When a state government labels a corporation as "forfeited," that's bad news. A forfeited corporate entity loses its right to operate in that state. In California, for example, the corporation can't defend against a lawsuit or enforce its contracts, and loses the right to its business name. It still has to pay any taxes or fees it owes the state, though. States pursue forfeiture for different reasons, such as when a company misses filing certain paperwork or information with the state. For example, any corporation in business in Maryland must file a report on its Maryland personal property by April 15 each year. This is mandatory even if the company doesn't own any Maryland personal property. If a corporation doesn't file this report, the state might begin the forfeiture process.
Forfeiture Isn't Forever
Forfeiture doesn't happen without warning. The State of Maryland, for example, notifies companies a few months in advance that they face possible forfeiture. This gives them a chance to fix the problem. Some companies might just let forfeiture proceed if they have already stopped doing business in the state. All forfeiture does is stop business operations, so there's no added penalty for letting the company's active status lapse. A company can prevent forfeiture after notification or reinstate itself even after forfeiture takes effect. Doing this requires catching up on missed paperwork filings, late payments or fixing whatever problem brought on the forfeiture.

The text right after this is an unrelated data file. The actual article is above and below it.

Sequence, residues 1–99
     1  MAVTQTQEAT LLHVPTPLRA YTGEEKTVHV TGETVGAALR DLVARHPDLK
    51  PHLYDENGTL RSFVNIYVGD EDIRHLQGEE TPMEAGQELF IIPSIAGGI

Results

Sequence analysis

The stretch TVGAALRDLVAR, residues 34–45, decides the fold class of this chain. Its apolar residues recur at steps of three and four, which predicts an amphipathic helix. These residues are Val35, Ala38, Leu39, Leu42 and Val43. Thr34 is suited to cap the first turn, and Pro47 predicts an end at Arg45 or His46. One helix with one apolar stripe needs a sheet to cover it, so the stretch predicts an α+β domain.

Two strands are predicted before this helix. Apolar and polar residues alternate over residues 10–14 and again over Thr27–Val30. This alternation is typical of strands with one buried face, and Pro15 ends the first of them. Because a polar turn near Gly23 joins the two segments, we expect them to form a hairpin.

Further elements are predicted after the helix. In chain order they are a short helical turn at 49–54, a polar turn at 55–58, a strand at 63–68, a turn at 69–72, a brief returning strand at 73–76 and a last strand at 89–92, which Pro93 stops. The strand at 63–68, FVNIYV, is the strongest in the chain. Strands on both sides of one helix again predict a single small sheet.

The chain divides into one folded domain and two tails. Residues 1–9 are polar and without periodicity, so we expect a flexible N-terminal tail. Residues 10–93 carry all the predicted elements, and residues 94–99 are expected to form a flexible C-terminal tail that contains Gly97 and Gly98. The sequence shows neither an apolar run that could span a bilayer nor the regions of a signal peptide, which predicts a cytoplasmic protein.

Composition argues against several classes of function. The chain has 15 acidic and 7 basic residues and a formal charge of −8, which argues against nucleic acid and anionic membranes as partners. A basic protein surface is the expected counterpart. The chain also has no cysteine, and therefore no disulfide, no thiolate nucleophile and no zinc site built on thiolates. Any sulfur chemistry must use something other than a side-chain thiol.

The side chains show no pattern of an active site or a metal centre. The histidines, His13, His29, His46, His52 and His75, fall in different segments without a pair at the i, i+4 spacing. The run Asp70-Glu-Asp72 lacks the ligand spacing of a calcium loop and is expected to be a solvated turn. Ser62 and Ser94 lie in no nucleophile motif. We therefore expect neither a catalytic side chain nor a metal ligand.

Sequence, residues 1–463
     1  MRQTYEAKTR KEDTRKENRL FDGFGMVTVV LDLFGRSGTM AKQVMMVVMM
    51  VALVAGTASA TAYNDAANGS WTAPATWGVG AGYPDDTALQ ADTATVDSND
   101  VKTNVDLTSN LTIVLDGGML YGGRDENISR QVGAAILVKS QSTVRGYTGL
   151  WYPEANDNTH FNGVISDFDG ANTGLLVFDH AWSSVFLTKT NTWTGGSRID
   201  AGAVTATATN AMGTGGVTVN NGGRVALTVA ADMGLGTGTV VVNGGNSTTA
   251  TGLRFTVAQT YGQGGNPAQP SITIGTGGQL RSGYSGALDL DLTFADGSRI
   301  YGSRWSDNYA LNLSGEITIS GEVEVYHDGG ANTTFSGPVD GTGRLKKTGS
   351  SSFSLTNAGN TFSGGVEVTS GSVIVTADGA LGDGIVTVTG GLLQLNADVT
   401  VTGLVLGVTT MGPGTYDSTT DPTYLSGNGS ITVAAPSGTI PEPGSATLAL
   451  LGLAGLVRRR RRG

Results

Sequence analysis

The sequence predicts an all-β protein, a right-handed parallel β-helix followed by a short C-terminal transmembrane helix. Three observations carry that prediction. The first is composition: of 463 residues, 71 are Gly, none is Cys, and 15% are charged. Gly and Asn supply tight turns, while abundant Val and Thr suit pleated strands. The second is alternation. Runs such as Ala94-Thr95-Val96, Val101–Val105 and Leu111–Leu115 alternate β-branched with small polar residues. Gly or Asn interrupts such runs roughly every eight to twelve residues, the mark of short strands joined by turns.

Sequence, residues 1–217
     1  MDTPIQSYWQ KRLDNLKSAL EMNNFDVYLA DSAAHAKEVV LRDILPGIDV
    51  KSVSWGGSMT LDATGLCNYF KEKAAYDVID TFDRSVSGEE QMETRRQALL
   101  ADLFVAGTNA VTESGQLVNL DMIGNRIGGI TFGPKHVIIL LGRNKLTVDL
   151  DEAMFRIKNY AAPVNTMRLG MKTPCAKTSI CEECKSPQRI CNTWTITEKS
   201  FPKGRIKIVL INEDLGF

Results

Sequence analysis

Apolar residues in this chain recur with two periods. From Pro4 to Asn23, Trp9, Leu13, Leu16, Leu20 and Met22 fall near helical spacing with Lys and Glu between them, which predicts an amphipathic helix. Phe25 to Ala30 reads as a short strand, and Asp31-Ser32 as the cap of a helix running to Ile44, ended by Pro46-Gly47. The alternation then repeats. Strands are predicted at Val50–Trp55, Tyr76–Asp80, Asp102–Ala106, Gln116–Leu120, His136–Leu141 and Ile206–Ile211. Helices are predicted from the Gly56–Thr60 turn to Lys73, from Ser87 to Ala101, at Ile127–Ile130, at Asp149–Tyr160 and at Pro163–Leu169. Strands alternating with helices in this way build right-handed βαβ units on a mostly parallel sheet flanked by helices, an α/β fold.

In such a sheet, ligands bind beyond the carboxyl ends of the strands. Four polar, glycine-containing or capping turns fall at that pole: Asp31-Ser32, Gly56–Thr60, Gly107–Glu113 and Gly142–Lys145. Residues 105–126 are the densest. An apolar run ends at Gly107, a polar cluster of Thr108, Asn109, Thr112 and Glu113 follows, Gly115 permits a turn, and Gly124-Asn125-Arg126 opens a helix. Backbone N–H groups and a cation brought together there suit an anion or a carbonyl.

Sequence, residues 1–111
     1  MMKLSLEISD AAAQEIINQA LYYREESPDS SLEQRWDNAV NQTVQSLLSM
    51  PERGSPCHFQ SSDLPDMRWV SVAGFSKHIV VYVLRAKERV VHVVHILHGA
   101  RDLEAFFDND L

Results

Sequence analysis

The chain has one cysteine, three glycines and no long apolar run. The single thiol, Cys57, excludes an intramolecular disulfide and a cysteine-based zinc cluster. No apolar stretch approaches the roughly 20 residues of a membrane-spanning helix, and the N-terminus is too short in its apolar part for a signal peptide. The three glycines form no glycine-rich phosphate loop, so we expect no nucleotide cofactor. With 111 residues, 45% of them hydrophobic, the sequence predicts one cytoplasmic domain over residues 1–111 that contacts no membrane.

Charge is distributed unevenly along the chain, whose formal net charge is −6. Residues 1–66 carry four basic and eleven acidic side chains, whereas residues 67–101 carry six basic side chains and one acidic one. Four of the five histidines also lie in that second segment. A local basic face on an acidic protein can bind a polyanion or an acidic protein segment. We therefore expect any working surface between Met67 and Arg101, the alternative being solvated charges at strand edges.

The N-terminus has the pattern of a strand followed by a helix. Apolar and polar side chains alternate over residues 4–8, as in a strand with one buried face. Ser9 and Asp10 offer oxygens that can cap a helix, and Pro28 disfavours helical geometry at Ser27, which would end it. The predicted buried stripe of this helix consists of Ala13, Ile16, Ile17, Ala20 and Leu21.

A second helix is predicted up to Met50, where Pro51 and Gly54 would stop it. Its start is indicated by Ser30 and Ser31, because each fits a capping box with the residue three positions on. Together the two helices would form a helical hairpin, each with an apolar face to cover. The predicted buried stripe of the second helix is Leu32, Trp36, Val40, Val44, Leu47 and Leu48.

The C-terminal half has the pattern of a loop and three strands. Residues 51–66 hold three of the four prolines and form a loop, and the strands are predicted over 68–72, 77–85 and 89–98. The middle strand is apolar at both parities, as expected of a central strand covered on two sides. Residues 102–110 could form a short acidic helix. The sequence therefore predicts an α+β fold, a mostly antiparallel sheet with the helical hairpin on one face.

A graduate of Oberlin College, Fraser Sherman began writing in 1981. Since then he's researched and written newspaper and magazine stories on city government, court cases, business, real estate and finance, the uses of new technologies and film history. Sherman has worked for more than a decade as a newspaper reporter, and his magazine articles have been published in "Newsweek," "Air & Space," "Backpacker" and "Boys' Life." Sherman is also the author of three film reference books, with a fourth currently under way.